There's a New Republican-Backed Bill Pushing For Relaxed Cannabis Laws

What's in it and will it pass?

By
This story originally appeared on Leafreport

Federal marijuana legalization in the U.S. looked to be almost a lost cause with Congressional support for the plant plateauing and President Joe Biden’s office offering no support.

But a new proposal from Republican Rep. Nancy Mace of South Carolina has revitalized hope for a solution before April 20 of next year. That’s the target date, after all, before which Democrat Senate Majority Leader Chuck Schumer pledged federal action would be taken to at least take the plant off the Schedule 1 list of banned drugs.

RELATED: Top Political Figures Are Pushing The U.S. Federal Government To Deschedule Cannabis

What's in the bill

The States Reform Act is still being pieced together by Mace and Republican leaders, but a final version could be filed by the end of the month. Marijuana Moment reported the 116-page draft legislation would federally decriminalize marijuana, not fully legalize it. But the law would mandate that the feds still respect legalization in individual states — meaning Uncle Sam would leave alone medical cannabis laws in the 35 states and adult-use regulations in the 19 states that permit the plant.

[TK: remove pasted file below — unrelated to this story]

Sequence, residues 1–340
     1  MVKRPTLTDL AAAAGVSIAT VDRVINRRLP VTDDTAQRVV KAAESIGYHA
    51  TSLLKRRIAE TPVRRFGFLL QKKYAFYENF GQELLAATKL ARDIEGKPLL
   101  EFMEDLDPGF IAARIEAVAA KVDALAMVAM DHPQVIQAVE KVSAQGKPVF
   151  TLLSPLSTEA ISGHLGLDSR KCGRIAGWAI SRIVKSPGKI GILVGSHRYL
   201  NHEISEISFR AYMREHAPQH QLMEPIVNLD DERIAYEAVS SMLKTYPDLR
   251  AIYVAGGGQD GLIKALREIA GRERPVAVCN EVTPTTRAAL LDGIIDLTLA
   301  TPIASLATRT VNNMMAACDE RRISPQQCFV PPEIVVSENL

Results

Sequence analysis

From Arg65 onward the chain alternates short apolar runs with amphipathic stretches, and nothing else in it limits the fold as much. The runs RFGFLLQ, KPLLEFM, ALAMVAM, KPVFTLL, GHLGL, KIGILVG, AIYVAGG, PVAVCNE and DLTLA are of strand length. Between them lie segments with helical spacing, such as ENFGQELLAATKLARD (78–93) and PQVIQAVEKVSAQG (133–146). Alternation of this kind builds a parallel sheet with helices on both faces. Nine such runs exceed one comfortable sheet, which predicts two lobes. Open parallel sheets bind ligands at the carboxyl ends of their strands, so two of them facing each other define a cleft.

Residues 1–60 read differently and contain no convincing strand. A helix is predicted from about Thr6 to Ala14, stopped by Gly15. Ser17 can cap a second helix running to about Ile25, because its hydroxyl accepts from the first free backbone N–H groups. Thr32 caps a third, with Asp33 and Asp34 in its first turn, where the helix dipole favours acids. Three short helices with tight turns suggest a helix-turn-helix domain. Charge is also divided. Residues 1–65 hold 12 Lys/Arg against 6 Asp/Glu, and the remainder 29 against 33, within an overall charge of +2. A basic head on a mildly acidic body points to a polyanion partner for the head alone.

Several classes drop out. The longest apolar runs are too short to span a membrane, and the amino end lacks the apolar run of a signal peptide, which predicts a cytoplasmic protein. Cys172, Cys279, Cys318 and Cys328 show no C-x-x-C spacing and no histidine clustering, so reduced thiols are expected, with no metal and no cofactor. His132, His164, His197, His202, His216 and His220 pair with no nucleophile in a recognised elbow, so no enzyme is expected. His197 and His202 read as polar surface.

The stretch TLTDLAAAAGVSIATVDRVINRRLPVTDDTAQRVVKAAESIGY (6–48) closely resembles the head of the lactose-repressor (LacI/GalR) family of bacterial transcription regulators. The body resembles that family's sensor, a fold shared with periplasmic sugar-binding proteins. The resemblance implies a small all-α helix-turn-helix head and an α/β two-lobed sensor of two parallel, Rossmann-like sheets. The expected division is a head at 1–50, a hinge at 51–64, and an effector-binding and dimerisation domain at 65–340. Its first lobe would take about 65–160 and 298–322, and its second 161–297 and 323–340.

The act proposes taking marijuana off Schedule 1 and imposing a federal excise tax of 3.75 percent on dispensary sales to customers. Proceeds from the tax would benefit federal substance abuse treatment programs, bolster law enforcement resources and cover regulatory costs.

Importantly, it’d also theoretically open the door for legal weed to cross state lines — which is currently banned nationwide and would help cannabis business to skyrocket. Marijuana commerce would be regulated by the U.S. Alcohol and Tobacco Tax and Trade Bureau.

The measure would also let people convicted of certain low-level cannabis crimes to have those crimes expunged, and ex-military members could legally be prescribed the plant from their U.S. Department of Veterans Affairs doctors.

RELATED: When Will the Biden Administration Finally Move on Cannabis Reform?

Will Biden approve?

Both parties will likely amend the proposal before sending it to Biden’s desk. Even if Congress can work together and actually pass the bill, there’s no guarantee the president would support it. A request for comment to the White House’s press office went unanswered on Monday.

Biden has remained relatively quiet on cannabis since taking office in January. But he campaigned in favor of decriminalizing the plant, not legalizing it. White House press spokeswoman Jen Psaki in June confirmed that Biden’s opinion had not changed.